Nine Tuolumne County residents were at Jobos Beach on the coast of northwest Puerto Rico when Hurricane Maria, the strongest storm to hit the Caribbean island in 85 years, slammed into the U.S. territory with sustained winds of 155 miles per hour and gusts up to 200 mph.
They hunkered down in their vacation rental, sat through the storm’s advance, then through the eye of the massive storm, and endured its devastating exit, within sight of an “angry, churning ocean.”
Less sturdy structures nearby were destroyed, including the home of a maintenance man who wept with them when he learned his home and belongings were gone.
“We were 200 yards away from the beach before the storm, and about 100 yards from the beach during the eye of the storm,” said Clayton Smock, 30, of Twain Harte.
They were confident the storm surge wouldn’t reach them, but it was “a terrifying-looking ocean,” Smock said.
He said the waves were huge.
“The chaos was noticeable, they weren’t rolling in like normal sets. They were coming in disorganized. It looked like a churning ocean of 40-foot waves.”
In their immediate neighborhood, storm surge waters reached bars and restaurants that were a couple blocks from them, “and they were completely destroyed by the winds and storm surge,” Smock said.
All nine friends are OK, Smock said. Nobody was injured or became ill. The friends arrived back home in the Mother Lode in recent days.
Smock, who works at Pinecrest Lake Resort, said the trip was in part to celebrate his 30th birthday.
“We went there because it's a U.S. territory and passports are not required,” Smock said.
Their friends, the Hartles, who run Alicia's Sugar Shack, own property there and are frequent visitors.
Some parts of Puerto Rico were still reeling from Hurricane Irma, which did not hit Puerto Rico directly, Smock said. Irma’s eye passed just north of Puerto Rico 10 days before, the evening of Sept. 6, as a Category 5 storm with 185 mph winds.
They arrived on Sept. 16. On Sunday Sept. 17 they heard about Maria. It was a tropical storm, but it was expected to pick up and head their direction.
They spent their first day in the town of Jobos Beach, on the northwest shore, at the beach and eating out, Smock said.
Sunday they went stand-up paddle boarding, and on Monday, Smock’s birthday, they went to waterfalls in Rincón.
They stayed close to their base at Jobos Beach. They could tell people were getting ready. Nobody seemed panicked at that point. It wasn't a desperate scramble, but boards were going up on windows, Smock said. The friends were nervous.
“We first had hurricane conditions Wednesday morning, very early at 2 a.m. or 3 a.m.,” Smock said. “The peak of the storm was definitely night and day Wednesday, from 9 a.m. to 1 p.m. was the hardest, then three hours in the eye it was fine, from 4 p.m. to about 8 or 9 it was very intense.”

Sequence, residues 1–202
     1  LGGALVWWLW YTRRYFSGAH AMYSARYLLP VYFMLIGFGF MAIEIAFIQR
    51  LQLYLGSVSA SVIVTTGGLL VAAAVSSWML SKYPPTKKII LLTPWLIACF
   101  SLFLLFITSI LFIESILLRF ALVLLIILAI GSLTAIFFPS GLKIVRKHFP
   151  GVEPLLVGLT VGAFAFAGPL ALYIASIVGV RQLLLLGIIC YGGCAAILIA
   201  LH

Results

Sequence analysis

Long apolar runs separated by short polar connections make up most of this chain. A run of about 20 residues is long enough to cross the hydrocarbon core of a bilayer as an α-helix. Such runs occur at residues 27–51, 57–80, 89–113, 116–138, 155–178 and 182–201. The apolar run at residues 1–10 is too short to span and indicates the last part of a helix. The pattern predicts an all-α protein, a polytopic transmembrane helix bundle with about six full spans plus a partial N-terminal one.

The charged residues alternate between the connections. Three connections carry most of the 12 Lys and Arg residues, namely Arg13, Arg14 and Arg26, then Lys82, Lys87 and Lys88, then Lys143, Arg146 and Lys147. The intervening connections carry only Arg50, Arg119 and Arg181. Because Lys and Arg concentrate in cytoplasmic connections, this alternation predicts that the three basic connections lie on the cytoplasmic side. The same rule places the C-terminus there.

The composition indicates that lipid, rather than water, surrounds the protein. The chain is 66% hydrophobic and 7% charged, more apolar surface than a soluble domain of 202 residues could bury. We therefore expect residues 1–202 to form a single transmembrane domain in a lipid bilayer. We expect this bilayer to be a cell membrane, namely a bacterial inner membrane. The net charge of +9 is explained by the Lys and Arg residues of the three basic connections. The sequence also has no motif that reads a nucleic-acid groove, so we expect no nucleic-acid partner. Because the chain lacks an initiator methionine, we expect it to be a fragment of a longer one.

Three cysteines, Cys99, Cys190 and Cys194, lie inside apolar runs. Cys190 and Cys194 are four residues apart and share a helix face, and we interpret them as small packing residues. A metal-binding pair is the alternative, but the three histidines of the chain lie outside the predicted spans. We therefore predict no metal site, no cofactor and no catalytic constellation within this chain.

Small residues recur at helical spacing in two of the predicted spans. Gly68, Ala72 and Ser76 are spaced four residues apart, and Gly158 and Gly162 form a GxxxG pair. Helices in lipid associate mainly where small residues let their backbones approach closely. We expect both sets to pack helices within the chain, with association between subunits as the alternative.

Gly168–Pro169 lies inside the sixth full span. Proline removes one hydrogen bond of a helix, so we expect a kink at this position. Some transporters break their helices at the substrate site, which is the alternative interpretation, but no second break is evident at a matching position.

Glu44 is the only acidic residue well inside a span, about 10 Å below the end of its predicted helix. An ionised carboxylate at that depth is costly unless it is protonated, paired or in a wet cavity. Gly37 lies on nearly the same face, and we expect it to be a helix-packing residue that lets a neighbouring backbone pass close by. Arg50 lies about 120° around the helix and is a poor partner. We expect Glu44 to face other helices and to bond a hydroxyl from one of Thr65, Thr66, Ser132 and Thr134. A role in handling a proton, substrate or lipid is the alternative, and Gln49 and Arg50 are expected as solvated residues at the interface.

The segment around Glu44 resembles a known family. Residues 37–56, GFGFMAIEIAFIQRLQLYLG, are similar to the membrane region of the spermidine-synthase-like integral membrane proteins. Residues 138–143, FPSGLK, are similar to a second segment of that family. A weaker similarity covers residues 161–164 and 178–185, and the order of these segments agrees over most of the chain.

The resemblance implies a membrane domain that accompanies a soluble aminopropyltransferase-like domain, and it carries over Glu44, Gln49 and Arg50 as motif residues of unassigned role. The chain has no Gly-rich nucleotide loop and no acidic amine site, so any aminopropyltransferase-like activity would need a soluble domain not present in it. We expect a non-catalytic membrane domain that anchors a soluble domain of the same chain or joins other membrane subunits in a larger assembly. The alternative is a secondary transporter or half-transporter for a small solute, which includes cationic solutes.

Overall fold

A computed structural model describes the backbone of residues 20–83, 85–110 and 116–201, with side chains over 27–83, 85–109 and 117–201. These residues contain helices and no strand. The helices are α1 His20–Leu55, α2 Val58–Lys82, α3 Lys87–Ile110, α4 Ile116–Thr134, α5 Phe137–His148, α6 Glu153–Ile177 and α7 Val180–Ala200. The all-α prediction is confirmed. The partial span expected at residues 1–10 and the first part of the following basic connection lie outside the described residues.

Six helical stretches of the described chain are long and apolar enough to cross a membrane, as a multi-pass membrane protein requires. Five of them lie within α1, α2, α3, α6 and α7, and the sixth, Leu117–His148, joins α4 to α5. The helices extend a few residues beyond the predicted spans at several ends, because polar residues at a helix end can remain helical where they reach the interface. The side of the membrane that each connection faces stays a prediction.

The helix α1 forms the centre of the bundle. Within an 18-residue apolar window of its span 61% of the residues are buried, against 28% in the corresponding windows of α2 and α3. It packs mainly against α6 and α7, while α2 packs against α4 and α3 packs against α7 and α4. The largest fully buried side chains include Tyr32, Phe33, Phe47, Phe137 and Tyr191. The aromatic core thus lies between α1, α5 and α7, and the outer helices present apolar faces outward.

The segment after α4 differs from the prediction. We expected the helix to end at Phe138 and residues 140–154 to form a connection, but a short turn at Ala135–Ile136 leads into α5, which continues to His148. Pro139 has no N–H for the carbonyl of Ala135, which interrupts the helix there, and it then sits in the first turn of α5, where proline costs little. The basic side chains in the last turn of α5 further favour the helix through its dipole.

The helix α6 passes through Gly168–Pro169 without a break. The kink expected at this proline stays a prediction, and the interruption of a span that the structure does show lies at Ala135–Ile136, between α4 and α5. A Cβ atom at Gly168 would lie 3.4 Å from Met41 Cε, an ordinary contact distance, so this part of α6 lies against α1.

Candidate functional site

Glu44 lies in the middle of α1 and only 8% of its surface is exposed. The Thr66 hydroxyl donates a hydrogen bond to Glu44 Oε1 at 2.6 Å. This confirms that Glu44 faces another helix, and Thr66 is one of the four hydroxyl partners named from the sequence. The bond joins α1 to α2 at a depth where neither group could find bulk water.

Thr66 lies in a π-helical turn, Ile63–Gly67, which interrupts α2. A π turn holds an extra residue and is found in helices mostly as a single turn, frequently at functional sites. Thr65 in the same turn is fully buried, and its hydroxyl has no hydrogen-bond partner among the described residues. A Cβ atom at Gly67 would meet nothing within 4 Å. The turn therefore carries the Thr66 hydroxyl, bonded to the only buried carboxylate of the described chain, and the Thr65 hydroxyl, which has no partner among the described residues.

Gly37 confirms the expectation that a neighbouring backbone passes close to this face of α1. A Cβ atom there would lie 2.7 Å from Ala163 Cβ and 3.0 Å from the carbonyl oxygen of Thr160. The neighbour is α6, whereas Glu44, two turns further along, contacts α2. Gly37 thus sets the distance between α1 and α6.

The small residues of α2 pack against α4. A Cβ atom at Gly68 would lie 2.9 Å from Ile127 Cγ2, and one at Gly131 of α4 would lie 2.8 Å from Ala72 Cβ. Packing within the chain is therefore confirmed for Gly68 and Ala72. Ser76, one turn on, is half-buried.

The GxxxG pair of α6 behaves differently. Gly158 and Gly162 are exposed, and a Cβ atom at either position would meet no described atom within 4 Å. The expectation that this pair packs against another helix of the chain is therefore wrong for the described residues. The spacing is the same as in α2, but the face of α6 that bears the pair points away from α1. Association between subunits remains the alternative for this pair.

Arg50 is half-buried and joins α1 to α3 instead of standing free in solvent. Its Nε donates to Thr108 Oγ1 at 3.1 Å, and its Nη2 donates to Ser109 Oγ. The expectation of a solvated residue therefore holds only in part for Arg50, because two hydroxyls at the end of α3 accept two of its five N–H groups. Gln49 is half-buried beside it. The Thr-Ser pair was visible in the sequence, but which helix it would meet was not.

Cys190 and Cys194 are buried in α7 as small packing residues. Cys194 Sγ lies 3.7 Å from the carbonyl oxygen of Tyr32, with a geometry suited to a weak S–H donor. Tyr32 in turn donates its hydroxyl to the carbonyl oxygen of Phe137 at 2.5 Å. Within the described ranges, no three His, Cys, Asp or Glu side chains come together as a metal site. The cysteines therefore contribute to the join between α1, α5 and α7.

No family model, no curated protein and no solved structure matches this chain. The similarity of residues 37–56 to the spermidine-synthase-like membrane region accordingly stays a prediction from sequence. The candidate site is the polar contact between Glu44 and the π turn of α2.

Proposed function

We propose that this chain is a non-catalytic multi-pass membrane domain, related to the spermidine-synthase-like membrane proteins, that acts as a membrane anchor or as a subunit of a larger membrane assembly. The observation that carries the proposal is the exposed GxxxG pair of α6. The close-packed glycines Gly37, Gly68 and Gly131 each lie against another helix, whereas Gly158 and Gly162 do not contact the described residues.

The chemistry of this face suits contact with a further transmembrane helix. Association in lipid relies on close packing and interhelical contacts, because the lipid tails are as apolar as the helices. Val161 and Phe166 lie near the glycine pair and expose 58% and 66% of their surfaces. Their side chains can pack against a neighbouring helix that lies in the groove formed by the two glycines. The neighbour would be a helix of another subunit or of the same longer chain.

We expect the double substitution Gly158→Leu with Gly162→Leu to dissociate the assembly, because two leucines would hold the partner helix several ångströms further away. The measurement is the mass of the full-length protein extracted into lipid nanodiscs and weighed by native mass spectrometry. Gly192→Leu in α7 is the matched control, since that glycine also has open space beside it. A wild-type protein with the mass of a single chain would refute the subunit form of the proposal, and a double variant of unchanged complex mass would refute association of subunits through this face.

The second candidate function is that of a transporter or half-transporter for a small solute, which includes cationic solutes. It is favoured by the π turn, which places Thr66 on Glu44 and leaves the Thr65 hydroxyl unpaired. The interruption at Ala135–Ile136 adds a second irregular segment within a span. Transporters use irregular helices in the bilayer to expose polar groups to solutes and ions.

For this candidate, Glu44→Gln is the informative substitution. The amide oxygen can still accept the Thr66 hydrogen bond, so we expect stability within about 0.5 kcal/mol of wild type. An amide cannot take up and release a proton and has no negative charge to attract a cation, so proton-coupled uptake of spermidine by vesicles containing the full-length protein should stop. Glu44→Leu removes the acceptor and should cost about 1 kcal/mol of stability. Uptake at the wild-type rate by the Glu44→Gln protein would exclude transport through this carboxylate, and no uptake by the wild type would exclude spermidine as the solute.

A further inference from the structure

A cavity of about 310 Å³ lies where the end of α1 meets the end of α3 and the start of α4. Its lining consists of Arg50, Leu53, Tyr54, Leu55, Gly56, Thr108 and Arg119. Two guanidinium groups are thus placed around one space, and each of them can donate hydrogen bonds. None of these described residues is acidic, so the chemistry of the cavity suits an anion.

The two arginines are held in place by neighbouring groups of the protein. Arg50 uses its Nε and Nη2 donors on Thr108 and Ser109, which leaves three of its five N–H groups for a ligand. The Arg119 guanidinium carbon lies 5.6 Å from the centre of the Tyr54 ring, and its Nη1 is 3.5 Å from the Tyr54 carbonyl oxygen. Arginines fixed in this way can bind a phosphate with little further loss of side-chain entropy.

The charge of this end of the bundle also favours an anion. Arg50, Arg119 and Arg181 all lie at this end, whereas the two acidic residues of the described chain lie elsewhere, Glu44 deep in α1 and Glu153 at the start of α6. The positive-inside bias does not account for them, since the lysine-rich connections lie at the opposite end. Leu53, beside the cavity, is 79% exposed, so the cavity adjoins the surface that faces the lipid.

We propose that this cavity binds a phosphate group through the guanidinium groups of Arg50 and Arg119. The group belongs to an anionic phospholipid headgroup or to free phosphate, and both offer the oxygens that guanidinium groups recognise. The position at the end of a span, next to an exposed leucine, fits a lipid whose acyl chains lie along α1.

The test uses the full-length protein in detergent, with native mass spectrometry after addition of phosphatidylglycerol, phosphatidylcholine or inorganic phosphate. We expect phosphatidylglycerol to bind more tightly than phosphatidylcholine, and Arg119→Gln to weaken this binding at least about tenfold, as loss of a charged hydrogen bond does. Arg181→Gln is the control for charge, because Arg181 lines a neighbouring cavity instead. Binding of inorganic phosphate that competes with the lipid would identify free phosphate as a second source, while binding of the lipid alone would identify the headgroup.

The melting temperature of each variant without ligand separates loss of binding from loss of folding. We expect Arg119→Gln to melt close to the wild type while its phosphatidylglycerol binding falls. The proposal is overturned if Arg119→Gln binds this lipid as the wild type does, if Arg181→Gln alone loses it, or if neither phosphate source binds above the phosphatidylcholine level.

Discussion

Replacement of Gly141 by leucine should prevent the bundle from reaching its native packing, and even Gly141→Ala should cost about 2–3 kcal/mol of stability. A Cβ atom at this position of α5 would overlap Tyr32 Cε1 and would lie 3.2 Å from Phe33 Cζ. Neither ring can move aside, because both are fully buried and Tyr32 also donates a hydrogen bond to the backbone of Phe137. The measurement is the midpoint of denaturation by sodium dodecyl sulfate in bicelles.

They lost all communications, including cell phones, land lines, internet and AM and FM radio reception, early Wednesday. The went outside for the eye of the storm but they stayed inside before and after.
“We were completely locked in,” Smock said. “For us it was more intense before the eye, the way the house was situated, because the winds reversed when the eye passed over.’
Smock said it was immediately apparent how bad the storm damage was.
“Every tree you could see was broken in half, buildings immediately around us were missing roofs and portions of roof, an entire power pole-streetlight was in our yard. Four out of every five electricity-telephone poles were down, even some concrete power poles came down. You knew it was the entire island,” he said.
They had stocked up in Jobos Beach with food and water, but they gave most of it away because they knew they had to get San Juan to get home. Their travel plans were in limbo.
The owner of the property where they stayed siphoned gas from his boat to their rented Jeep, Smock said. There were hundreds and hundreds of people standing in long lines waiting with gas cans to buy gas.
“You had to have cash, nobody could take cards,” said Christine Reber, one of the Twain Harte travelers. “Jobos was like a two-hour drive to get to San Juan. Finding lodging and anything else was difficult to say the least.”
In San Juan
They left on Saturday, Sept. 22, to go to San Juan, capital of the island of 3.4 million people.
“An entirely different story,” Smock said. “It seems even more desperate. There's a 6 p.m. curfew on the streets in San Juan. The gas shortage is probably the most obvious humanitarian issue, because everybody is prepared to run generators to make electricity and there wasn't any gas on the whole island.”